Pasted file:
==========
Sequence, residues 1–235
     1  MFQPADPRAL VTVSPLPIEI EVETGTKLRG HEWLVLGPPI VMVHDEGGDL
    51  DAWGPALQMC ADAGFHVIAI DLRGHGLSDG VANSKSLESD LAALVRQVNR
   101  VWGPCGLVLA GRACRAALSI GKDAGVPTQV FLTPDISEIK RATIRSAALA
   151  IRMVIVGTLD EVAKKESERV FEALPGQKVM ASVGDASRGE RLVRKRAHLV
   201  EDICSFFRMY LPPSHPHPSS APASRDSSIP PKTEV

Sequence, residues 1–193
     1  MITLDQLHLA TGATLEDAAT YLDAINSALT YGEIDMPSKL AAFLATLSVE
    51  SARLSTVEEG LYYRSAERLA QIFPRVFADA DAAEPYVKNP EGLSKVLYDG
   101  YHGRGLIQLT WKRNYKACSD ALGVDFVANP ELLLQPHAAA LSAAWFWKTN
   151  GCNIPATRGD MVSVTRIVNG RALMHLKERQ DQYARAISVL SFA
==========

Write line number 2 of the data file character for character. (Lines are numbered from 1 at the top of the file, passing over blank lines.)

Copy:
     1  MFQPADPRAL VTVSPLPIEI EVETGTKLRG HEWLVLGPPI VMVHDEGGDL